Illustration © Eleanor Davissober housing halfway house treatment allies in recovery dominique simon-levine drug intervention alcohol intervention addiction addict recovery

A member of Allies in Recovery’s member site recently expressed concern about how halfway houses / sober housing deal with overdose or relapse.

…. If an addict is in a halfway residence, and they use, they are forced to leave. I don’t understand — they are put out the door onto the street, so that would put them right back full-time from where they came. No help, no nothing … Isn’t that true? What do you think about this?

My son has been in – out – and back into a residential halfway in Springfield. Since he has been there, there have been 2 or 3 overdoses. The staff did not now how to use Narcan, however one of the residents was, but wasn’t allowed to administer (probably due to the legality). Now I understand they just call an ambulance… and the resident must leave the residence… out in the street again…

What can be done to help them – anything?…..


Dominique Simon-Levine responds to these questions below.

Being thrown out for using drugs or alcohol in a residential program is controversial. Sober housing programs argue that a house and milieu cannot be kept safe if someone is using, so that person is then required to leave.

In order to start anew with the process of sobriety, a resident who has relapsed should be sent to a more intensive level of treatment (for example: clinical stabilization services or CSS in Massachusetts), but too often nothing is available and the only option is detox, which may not be medically appropriate if the drug use/relapse was brief. With nowhere obvious to go, the person ends up back on the street in a full-blown relapse.

The other scenario is that the person who uses denies their use and/or is angered at being discharged from the house and refuses any further help, ending up on the street.

Here is a good link that describes sober living.

Residential programs expect residents to follow the rules. Their obligation to a resident ends when he/she relapses. One of the greatest difficulties with our system of care for substance abuse is how silo’d it is. Providers aren’t reimbursed for warm hand-offs or getting someone from program A to program B — there are just too many ways people can slip through the cracks.

Families are often the only ones stepping in. Our blog posts and learning modules repeatedly stress this and encourage you to help your loved one into Program A, then from Program A to Program B, etc.

To this, we add one more possible resource: you may be able to use the services of a private consultant or publicly funded case manager.

The New York Times published a piece on private consultants who research appropriate treatment options and shepherd a person through the process, for families who can afford such a service. Read the article here.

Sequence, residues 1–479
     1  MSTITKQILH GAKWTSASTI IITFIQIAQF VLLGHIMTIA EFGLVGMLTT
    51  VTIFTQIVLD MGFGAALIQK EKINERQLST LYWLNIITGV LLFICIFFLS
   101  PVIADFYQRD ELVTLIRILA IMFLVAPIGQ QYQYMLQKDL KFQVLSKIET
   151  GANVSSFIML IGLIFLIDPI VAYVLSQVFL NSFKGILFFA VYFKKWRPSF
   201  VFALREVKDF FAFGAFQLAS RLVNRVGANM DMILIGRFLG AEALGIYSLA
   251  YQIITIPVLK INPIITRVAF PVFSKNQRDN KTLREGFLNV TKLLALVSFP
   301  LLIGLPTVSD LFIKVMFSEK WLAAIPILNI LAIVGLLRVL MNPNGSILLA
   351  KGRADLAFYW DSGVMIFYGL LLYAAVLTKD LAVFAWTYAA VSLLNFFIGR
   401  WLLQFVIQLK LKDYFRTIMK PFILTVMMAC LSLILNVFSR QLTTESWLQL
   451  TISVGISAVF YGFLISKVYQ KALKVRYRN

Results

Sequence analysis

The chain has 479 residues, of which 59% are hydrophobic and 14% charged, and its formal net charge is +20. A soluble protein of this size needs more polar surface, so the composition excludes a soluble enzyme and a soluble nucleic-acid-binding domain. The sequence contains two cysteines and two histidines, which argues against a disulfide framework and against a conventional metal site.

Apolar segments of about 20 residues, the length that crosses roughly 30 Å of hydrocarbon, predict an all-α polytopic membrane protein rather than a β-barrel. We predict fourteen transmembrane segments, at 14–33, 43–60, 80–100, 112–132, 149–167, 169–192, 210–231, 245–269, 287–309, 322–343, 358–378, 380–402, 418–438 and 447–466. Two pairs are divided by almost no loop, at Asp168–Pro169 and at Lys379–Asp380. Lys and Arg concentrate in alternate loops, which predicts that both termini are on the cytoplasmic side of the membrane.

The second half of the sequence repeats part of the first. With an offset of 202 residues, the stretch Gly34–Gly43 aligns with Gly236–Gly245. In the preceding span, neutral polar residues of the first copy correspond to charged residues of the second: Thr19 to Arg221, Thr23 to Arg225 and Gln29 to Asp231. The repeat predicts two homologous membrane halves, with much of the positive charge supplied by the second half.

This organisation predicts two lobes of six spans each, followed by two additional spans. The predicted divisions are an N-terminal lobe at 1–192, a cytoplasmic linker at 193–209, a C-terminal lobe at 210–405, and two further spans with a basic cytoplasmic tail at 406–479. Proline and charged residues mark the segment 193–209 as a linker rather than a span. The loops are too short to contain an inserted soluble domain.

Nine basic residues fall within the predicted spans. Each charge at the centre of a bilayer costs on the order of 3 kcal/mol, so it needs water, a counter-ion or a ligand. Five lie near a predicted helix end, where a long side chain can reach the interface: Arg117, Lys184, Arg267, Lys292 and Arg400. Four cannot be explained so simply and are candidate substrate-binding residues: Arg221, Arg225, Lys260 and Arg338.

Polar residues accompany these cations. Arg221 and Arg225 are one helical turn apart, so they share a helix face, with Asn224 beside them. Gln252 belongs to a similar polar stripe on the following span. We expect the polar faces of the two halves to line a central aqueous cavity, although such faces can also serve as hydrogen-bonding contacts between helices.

For the rest of us, there are case management programs throughout the country supported through state or federal aid. Case managers refer and follow someone through the system and through the cycle of recovery. One place to look for a case management program is by going to, then click on grants.

Grants are archived by year of award. There are several initiatives that support case management services. Here are several from grant year 2015.

Follow this link and click on the initiative to see if any of the grantees are near you:

 Grants for the Benefit of Homeless Individuals-Services in Supportive Housing (GBHI-SSH)
 Targeted Capacity Expansion: Substance Use Disorder Treatment for Racial/Ethnic Minority Populations at High-Risk for  HIV/AIDS (TCE-HIV: High Risk Populations)
 Targeted Capacity Expansion: Medication Assisted Treatment – Prescription Drug and Opioid Addiction (MAT-PDOA)
 TI-15-012   Modified  Offender Reentry Program (ORP)

Don’t let the titles of these grant initiatives deter you from calling them. Individual grantees have different criteria for admission.

Prolonged and seamless treatment for substance problems is difficult to make happen. When someone gets discharged from a sober home for using, the family needs to step in and push for more treatment. Look for case management. If none is available, the family will have to be that case manager.

While this adds to an already exhausting effort on your part, putting energy into getting your loved one into or back into treatment is the best way to end substance abuse in your family.

 About the Author:
Dominique launched Allies in Recovery in 2003. Her work has been featured on HBO and NPR. She is a facilitator and a trained speaker on issues of addiction and the family. She has worked extensively developing and evaluating federally-funded substance abuse programs for organizations and clinics throughout Massachusetts and New York. With an interest in recovery and substance abuse that spans 20 years, she sees a huge need to help families develop the skills that will help a loved one recover fully in a supportive, whole, and lasting way in their families and in their communities. Her mission is to have Allies in Recovery fill that gap.

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